Originally published on January 14, 2014.
4 out of 5 stars...
This former Goldman Sachs (NYSE:GS) insider employee, Steven Mandis, does a very good job in presenting both the history of the firm and how it changed.
Founded over a hundred years ago as a partnership, partners had the same values, extremely ethical, basically to care most for the customers and think "long-term greedy" so that if the customers were treated well and the customers knew that, the partners would do well even if the firm would sacrifice profits in the short term to please the customers. And, as a partnership, the partners were personally liable, so that all the partners' money was at risk, not just their money in the firm, but their personal assets also, therefore creating an environment of trust between partners and customers.
So, a culture of both high ethical values and high profits created a renowned culture, so much so, the firm was able to easily recruit the best talent where each new recruit strove to be a partner. It created a real team approach, everything for the customers and all employees.
The author described how that once-proud culture didn't change overnight or dramatically over time, but "drifted."
The drift began when the firm, around the 1980s, changed to a limited partnership, LLC, so that only the partners' assets held at the firm were at risk. This change happened as competition grew and instead of concentrating on things like mergers and acquisitions, and financing for such deals, investment banking functions expanded into where really big profits were, propriety trading. The industry had metastasized, so Goldman Sachs risked not attracting big clients.
Then, in 1999, the firm went public, with an IPO, the last major investment bank to do so. Now, the firm had a priority to shareholders first, clients second even though the firm still had fiduciary responsibilities to them. Plus, the partners no longer had much liability. So, the firm was now more concerned with following just legal responsibilities, making it harder to follow just high ethical standards with clients, as public companies were required to treat shareholders first, plus have a short-term outlook, rather than the former long-term outlook. Also, as the company became more complex, compensation policies changed, forming less of a team approach.
The author is perhaps most critical of Jon Corzine and Lloyd Blankfein in transforming the firm around this time, to making it competitive with the other companies especially with propriety trading. But, there still was much of that previous culture around, almost religious, so much so that employees believed so even if not as true anymore. So, the firm "drifted," still maybe a cut ahead of the competition on ethics and reputation. It did survive the 2008 financial crash, but needed help. Also, this drift happened at other firms and was really a warning to all about the industry.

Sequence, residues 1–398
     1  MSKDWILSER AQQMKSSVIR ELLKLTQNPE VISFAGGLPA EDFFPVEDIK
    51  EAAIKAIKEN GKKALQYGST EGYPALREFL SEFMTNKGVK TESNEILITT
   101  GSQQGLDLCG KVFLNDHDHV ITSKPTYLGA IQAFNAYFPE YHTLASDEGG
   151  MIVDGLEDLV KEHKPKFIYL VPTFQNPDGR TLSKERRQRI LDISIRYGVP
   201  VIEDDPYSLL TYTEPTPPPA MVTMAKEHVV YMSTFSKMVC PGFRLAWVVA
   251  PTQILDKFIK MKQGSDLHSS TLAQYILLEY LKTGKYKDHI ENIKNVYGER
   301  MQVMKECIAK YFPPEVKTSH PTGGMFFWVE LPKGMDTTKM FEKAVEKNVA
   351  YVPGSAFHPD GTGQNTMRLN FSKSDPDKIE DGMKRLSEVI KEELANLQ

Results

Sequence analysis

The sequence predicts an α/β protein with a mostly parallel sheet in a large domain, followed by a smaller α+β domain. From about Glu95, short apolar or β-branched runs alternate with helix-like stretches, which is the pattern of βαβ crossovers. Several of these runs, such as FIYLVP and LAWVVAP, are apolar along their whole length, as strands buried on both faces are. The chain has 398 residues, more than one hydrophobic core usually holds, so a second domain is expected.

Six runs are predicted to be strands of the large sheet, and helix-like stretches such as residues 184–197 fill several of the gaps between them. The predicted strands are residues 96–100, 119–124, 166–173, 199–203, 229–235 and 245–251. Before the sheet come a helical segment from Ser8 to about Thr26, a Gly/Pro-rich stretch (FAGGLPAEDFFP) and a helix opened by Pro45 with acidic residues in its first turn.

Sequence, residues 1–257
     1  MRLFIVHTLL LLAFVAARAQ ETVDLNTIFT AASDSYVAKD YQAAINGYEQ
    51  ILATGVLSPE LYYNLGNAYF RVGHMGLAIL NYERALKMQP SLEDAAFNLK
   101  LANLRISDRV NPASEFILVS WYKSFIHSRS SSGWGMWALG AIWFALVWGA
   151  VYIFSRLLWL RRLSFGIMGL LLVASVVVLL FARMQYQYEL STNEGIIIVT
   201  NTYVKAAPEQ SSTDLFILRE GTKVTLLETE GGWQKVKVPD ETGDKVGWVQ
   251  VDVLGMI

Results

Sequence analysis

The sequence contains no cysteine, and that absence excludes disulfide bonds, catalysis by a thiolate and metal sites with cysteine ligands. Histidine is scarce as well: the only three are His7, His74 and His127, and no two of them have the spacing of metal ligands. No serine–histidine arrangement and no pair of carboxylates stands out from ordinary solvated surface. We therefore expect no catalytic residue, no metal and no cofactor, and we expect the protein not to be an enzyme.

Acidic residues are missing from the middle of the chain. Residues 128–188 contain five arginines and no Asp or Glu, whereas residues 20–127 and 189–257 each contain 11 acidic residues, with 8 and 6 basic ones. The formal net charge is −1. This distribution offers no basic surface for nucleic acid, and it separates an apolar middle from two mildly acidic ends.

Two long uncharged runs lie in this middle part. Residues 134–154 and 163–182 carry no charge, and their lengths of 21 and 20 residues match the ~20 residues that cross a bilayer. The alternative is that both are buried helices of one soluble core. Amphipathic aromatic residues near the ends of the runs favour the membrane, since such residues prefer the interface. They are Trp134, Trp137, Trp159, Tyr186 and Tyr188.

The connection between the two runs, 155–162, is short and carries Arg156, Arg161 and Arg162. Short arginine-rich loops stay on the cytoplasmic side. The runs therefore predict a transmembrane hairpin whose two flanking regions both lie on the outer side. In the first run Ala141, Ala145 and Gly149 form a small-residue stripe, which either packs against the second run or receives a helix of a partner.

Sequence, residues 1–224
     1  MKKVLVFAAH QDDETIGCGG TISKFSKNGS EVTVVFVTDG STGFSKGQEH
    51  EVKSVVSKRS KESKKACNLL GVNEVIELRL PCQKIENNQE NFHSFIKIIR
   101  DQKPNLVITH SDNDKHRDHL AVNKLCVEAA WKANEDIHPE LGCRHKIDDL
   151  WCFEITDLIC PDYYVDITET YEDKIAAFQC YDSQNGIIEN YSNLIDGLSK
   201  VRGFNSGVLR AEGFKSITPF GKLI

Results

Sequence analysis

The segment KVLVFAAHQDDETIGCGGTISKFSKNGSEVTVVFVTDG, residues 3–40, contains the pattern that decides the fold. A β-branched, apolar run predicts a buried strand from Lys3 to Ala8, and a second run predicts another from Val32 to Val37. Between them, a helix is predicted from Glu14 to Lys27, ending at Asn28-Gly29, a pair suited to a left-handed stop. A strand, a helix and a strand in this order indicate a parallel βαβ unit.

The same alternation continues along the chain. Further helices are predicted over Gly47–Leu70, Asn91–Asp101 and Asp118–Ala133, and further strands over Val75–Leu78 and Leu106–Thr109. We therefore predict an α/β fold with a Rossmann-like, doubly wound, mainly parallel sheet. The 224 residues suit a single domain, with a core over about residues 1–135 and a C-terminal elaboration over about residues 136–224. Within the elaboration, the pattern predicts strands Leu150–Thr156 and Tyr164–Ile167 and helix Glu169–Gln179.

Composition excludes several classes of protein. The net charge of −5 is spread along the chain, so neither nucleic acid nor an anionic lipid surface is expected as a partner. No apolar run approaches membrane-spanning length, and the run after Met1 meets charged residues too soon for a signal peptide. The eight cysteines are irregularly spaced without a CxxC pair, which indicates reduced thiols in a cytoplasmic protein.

Some other points from the book:
1. After the crash it was revealed in an email some securities sold to clients were "s***y."
2. Goldman Sachs always did have a commitment to public service, part of its culture was a sense of higher purpose, and thus around 1979 many former employees went to work for the federal government. This did have the effect of expanding the firm's powerful network.
3. Part of the firm's rationalizations that its shareholder responsibilities didn't really hurt clients is that they considered the clients "big boys" and were aware of the new risks.
4. Goldman did branch out into asset management in 1928 with closed-end trust funds, which cratered with the 1929 crash and Goldman did close down for a time.
5. In 2012, in an op-ed, former employee Greg Smith called the culture at Goldman "toxic," specifically blaming CEO Blankfein and president Gary Cohn.
6. Since teamwork was so important to Goldman originally, it strove to recruit those with team sports, military and public service backgrounds.
7. As competition grew, Goldman expanded internationally, even taking on some questionable clients like the Libya sovereign wealth fund.
8. Goldman was accused of its privileged position of trust and confidentiality regarding its bailout of Long Term Capital Management (LTCM).
9. In 2003, Goldman settled charges by the SEC for conflicts of interest by research analysts by paying $110M in fines, because of the Sarbanes-Oxley Act, passed in 2002.
10. Beginning in 1999, Goldman's board of directors had some outside directors, so there was less knowledge of inside workings of the company.
11. It is debatable whether Goldman could have survived the 2008 financial crash without help from the government.
12. In 2006, Goldman was betting against mortgage bonds it was selling to clients, resulting in a fine.
13. The author counted negative and positive articles about Goldman in the NY Times from 1980-2012, and found more positive before 2007 and more negative after 2007. Most of the negative articles after 2007 dealt with conflicts with clients and connections to the government.
14. A former employee, Greg Smith, mentioned above, wrote a scathing op-ed, criticizing Goldman with treating clients as "muppets."
15. Goldman spent over $15M lobbying Dodd-Frank.
In conclusion, Goldman's culture drifted over time, less to the welfare of its clients and more to its own welfare. All the while, even current employees felt they were serving a higher purpose, based on the original culture. Meanwhile, clients still seemed to prefer Goldman because it was better than its competition, not a very good testimony to the industry.